Our partners are perplexed at what they perceive as our lackadaisical response to Iran's support of extremist proxies. And in Iraq, our partners believe that America's abandonment of that country has left a vacuum that Iran is only too eager to fill. It is hard to see why the Obama administration has not expended more effort in trying to keep Iraq -- a potentially rich and influential country at the heart of the Middle East that was liberated at such great cost -- more firmly in the American camp.
Finally, there is the low-hanging fruit of Syria.
Bashar al-Assad's regime may be Iran's most important strategic partner. Instead of aggressively combating Syria's support to Hamas and Hezballah and interference in Lebanon and Iraq, the Obama administration came to office seeking to engage al-Assad. It failed.
Now the president has finally acknowledged that it's time for al-Assad to go. America should not defer to obstinate Russian diplomats at the United Nations about Syria. Instead, we should lead an international effort to apply tremendous pressure on Syria and provide demonstrable support to its growing political opposition. The longer the Syrian crackdown is allowed to continue, the greater the risk of chaos and the harder it will be to put Syria back together. If Syria goes down, it would be a serious blow to the Iranian regime.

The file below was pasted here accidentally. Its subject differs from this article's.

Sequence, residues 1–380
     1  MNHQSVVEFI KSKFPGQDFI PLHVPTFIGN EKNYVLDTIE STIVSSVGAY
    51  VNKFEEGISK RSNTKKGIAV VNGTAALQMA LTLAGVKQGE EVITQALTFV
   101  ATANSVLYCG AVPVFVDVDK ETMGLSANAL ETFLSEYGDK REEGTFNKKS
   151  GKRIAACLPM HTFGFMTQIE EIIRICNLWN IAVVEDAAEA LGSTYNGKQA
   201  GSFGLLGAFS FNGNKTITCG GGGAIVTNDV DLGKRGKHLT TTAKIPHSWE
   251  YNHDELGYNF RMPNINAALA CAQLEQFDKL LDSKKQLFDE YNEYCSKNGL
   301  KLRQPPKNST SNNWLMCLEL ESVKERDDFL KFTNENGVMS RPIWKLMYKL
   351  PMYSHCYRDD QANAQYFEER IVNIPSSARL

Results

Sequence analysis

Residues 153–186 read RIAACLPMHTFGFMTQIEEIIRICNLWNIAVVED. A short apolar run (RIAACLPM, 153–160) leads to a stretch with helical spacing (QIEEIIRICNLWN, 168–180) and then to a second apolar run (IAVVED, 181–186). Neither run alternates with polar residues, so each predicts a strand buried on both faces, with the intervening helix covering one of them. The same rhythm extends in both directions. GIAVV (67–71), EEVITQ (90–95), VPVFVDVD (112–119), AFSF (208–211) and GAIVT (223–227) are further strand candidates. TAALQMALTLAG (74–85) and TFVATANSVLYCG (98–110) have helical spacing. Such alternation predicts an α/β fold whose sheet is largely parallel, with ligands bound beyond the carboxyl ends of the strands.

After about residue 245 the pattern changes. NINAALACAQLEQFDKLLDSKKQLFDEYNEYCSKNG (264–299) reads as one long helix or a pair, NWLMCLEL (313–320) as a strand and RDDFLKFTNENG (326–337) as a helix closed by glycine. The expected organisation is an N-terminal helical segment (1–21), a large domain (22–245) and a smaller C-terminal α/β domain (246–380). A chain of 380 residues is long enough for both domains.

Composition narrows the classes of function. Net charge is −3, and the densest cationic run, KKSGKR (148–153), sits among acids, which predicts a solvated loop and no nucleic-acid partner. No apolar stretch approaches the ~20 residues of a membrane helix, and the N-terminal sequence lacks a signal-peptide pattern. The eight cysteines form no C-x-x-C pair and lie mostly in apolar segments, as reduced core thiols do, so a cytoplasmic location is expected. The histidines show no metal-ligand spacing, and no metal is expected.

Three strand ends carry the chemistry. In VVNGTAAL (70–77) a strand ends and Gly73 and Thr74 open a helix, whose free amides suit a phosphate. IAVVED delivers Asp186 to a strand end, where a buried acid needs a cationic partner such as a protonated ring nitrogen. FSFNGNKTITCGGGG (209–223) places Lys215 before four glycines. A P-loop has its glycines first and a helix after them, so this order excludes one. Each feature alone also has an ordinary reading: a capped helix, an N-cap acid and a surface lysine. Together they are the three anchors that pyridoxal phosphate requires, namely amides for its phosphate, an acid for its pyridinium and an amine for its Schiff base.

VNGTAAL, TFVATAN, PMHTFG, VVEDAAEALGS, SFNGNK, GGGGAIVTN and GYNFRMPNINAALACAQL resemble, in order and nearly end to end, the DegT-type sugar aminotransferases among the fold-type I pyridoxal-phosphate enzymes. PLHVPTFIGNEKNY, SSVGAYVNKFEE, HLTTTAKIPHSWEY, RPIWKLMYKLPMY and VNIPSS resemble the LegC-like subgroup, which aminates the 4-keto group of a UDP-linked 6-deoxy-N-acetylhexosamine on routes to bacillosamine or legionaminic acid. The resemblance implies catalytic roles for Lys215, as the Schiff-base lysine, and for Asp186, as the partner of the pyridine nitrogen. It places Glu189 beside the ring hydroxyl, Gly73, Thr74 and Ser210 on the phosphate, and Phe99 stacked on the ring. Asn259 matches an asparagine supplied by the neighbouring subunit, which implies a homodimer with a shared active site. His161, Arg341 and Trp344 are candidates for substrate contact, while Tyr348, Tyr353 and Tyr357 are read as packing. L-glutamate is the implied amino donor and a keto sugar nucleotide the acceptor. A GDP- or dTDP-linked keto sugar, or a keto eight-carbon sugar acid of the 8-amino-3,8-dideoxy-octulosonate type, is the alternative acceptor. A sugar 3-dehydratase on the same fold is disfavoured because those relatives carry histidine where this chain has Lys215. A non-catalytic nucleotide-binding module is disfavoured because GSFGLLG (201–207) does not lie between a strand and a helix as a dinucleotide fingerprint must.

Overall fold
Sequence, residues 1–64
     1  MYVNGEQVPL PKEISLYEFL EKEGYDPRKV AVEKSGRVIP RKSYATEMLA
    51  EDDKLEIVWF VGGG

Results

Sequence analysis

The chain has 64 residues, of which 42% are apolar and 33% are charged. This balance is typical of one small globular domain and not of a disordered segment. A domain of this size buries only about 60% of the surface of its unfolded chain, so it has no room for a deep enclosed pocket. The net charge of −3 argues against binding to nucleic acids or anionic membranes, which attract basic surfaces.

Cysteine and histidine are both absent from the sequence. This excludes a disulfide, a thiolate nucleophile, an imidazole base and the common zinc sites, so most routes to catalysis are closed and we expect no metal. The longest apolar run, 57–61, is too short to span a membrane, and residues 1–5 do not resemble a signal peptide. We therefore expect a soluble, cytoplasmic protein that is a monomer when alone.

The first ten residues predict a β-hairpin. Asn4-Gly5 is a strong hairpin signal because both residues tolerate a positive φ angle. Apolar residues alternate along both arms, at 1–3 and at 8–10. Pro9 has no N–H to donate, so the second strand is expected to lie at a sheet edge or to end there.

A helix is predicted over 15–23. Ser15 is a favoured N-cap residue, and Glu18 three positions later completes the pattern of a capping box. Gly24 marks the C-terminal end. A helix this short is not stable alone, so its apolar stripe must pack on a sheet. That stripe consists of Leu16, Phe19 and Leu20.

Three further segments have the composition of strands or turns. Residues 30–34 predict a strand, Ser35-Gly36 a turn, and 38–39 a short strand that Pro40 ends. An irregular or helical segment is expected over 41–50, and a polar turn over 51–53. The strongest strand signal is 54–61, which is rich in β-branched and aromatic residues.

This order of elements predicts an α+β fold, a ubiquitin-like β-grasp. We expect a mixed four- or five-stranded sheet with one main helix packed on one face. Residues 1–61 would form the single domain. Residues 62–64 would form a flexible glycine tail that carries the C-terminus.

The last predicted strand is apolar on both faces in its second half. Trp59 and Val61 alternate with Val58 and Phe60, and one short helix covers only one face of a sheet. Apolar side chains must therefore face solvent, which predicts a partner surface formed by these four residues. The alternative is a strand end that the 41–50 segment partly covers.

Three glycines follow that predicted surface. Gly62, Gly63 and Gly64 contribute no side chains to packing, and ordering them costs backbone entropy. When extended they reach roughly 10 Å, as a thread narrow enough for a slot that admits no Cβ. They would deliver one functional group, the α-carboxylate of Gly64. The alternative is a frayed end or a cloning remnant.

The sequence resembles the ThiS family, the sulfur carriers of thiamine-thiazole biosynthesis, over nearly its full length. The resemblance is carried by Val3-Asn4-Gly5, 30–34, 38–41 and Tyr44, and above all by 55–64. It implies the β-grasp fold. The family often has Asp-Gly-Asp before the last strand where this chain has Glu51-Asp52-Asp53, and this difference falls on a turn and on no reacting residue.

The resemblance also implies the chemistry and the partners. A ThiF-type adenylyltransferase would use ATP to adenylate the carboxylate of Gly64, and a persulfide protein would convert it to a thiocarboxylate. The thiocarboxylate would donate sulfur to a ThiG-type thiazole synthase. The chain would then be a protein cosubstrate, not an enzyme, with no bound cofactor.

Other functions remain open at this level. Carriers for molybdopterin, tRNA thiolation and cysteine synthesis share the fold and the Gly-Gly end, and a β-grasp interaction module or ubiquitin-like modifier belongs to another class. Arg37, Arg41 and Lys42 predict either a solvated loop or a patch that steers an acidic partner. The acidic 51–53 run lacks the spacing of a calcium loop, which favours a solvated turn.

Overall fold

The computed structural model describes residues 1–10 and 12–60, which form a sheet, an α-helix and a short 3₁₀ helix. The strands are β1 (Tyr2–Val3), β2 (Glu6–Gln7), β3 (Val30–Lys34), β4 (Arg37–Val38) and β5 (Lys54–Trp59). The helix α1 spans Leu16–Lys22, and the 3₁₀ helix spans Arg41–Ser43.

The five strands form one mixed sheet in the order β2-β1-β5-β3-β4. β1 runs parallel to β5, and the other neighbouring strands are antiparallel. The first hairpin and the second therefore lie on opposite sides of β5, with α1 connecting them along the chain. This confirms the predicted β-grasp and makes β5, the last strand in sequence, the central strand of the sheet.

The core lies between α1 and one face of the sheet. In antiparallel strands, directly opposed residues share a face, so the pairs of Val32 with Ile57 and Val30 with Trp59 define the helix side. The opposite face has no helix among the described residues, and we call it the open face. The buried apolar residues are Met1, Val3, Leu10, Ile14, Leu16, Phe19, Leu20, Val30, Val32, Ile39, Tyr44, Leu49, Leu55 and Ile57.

There is no substitute for American leadership in the Middle East. It is time for the Obama administration to show it. Without recourse to war, these steps represent the best hope of confronting the challenges posed by Iran's nuclear proliferation and patronage of terrorism. If these measures ultimately fail, the international community may be forced to confront the difficult decision of using military force in face of an implacable Iran.